...A man by the name of Woodcock occupied a piece of land on the east side of White cloud, just west of Hall's claim; he built a cabin and put in cultivation a small amount of land. During the fall of 1840 (October 29th), a small company of white men from Kentucky pitched their tents on the east bank of the Nodaway River (now Lincoln Township), expecting to cross the same on the following morning with their wagons, but the river being without a ford, known to them, they passed over on foot, leaving their wagons on the opposite side. Two of this company immediately began to explore the country in various directions, feeling satisfied that they had at last found a favored region, wherein they could build their future homes. The names of the two pioneers were Joseph Hutson and Thomas Heady. Like all the early settlers in the west, they had a preference for timbered districts, and while selecting land they discovered the same grove of timber from opposite directions, not knowing that they had chosen the same land, until after their return to camp.
Naturally enough, however, after detailing to each other the results of their day's rambles, it was ascertained that each had seen and not only admired the same grove, but had concluded in his own mind to select the land on which it stood. There being no courts in those days, wherein the rights of property and titles to land could be tested, they finally agreed to shoot at a spot at the distance of sicty yards, the one striking nearest the center to take the land. The distance was according stepped off and the parties proceeded to try their skill for the possession of their chosen home. In the contest, Joseph Hutson, with the unerring accuracy of many of his day, drove the center. He still lives upon the spot where this novel incident transpired, more than forty years ago, on section thirty-two, township sixty-six, range thirty-seven, enjoying the fruits of his early struggles.
Late in the fall of 1840, Col I.N. Prather, a wealthy Kentuckian from mercer County, located eight miles south of the present town of Maryville, on section twenty, township sixty-three, range thirty-five, on the White Cloud [river], in what is now known as White Cloud Township. He explored the Platte Purchase in search of a home but found no place to suit him until his eye caught sight of that beautiful tract of land (eighteen hundred acres) which was for many years his happy home-- a portion of this tract having been settled at the time by Hiram Hall, who had arrived in the spring previous.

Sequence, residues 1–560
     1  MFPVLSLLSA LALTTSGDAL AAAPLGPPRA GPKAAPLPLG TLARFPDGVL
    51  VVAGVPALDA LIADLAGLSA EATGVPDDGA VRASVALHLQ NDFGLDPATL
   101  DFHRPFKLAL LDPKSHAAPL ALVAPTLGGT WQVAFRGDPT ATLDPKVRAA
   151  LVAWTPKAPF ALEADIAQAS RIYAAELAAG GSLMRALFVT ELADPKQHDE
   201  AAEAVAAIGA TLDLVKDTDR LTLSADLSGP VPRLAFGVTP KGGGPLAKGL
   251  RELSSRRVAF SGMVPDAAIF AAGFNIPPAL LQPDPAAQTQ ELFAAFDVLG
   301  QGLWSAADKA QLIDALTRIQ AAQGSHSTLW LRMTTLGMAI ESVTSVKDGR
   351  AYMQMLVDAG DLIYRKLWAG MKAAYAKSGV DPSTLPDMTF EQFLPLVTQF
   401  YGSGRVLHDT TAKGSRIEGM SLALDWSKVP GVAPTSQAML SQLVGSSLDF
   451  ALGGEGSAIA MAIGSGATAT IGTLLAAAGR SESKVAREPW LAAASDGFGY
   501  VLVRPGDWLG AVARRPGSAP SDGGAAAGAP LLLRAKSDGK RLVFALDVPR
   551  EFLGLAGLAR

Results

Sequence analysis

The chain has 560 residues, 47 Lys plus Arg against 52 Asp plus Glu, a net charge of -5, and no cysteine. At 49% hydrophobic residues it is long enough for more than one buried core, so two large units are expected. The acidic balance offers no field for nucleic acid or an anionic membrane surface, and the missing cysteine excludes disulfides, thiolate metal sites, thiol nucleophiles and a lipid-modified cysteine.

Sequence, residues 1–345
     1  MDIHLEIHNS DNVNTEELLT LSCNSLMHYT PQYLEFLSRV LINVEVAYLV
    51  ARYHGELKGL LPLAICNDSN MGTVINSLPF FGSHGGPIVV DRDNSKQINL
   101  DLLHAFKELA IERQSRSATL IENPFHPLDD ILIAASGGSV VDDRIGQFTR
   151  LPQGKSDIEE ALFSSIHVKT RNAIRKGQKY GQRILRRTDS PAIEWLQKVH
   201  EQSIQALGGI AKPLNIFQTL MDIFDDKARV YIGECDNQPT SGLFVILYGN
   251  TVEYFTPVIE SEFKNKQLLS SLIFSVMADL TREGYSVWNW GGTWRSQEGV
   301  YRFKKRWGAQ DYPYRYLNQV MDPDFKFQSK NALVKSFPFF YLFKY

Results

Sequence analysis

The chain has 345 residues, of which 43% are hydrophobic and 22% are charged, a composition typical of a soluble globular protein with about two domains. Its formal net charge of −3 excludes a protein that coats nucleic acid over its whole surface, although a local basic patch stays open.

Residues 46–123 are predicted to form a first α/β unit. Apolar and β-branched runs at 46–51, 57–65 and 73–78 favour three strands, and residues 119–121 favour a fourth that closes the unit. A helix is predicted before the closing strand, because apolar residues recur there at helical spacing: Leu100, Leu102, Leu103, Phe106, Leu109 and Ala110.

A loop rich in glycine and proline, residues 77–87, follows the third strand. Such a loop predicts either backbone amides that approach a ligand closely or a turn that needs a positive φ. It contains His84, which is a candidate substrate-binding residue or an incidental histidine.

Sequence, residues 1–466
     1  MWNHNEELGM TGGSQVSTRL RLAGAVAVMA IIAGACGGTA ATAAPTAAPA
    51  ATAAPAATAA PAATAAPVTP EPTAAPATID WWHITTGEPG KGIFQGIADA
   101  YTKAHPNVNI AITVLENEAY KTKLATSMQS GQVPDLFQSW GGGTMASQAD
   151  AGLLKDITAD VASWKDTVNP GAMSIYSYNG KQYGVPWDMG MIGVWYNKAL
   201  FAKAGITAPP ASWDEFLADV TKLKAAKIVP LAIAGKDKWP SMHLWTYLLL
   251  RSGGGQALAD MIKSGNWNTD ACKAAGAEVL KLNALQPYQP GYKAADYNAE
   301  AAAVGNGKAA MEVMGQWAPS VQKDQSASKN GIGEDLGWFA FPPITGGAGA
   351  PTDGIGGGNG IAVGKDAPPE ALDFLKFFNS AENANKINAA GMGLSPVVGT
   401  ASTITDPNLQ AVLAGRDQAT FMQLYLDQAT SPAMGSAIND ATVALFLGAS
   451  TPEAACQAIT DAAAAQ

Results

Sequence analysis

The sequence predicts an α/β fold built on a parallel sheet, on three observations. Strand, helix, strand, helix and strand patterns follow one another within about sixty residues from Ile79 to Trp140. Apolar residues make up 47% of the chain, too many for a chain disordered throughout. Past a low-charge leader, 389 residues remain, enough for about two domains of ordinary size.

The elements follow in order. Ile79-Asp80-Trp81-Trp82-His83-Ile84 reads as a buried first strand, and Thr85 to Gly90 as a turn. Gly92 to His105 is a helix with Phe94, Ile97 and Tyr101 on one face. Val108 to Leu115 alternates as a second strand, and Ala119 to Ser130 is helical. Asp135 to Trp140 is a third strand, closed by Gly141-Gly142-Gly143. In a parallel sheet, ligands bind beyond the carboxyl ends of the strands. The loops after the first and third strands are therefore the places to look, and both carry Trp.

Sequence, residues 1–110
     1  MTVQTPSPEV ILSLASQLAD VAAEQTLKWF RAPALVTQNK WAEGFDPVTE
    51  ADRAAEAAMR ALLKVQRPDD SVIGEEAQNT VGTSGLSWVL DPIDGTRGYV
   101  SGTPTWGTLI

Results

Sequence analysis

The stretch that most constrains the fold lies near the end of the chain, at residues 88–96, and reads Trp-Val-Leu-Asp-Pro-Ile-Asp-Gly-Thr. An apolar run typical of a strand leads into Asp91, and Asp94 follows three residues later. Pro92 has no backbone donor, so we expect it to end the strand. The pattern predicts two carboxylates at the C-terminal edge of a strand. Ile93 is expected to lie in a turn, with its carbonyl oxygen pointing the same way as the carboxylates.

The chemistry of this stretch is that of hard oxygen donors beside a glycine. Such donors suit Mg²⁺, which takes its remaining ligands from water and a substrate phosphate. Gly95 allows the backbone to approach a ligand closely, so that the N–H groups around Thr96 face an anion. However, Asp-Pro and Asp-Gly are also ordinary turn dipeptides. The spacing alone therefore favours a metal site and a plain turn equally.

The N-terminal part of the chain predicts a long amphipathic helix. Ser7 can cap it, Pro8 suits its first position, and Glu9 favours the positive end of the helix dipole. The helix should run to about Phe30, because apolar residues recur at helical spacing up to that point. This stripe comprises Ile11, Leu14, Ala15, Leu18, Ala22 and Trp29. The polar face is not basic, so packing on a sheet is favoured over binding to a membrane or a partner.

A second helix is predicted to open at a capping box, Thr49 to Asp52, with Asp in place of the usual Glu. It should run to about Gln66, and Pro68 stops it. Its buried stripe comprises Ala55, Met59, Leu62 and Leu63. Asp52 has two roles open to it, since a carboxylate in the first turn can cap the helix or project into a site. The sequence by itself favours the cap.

Col Prather, soon after his settlement here, was made a colonel of militia--troops having been ordered out in anticipation of Indian troubles. It was at his log cabin that the first county court of Nodaway [page 118] County met and organized. He died in 1859. His wife still survives him at the advanced age of seventy-four years. We might state in this connection that, at the time of Colonel Prather's arrival, a man named James Bryant was temporarily living in a small cabin on the place engaged in trading with the Indians, his stock consisting principally of whisky.
From the spring of 1839, to the fall of 1840, there were perhaps, not to exceed six permanent settlers in the territory now known as Nodaway County. During this time, a number of white men had penetrated the country, some on hunting expeditions, and others with the view of locating, but its remoteness from the then centers of trade, and the country being still inhabited by roving bands of Indians, but few remained with their families. We may safely say then, that Isaac Hogan, Hiram Hall, Joseph Hutson, Thomas Heady, I.N. Prather, Harvey White and possibly one other person, were the first settlers in Nodaway County. These settlements were made in Hughes, Lincoln and White Cloud Townships, and although scattered, they formed the nucleus of a population which has increased in numbers until to-day, (1881) thirty thousand people inhabit the territory which they then settled.
Only one of these pioneers is now living. He has witnessed the coming of the mighty tide of emigration which has so rapidly settled the plains and the valleys of Nodaway County, taking the place of the red men, and watched with proud satisfaction, each new development of material wealth, which has marked the advancement of an enterprising and thrifty people. To him, forty years have wrought wonderful changes, more wonderful perhaps, than he ever dreamed of, in the days of his pioneer life, yet how much more marvelous would be the change, could he be permitted, to witness forty years hence, the grand transformations which are destined to characterize the history of Nodaway County.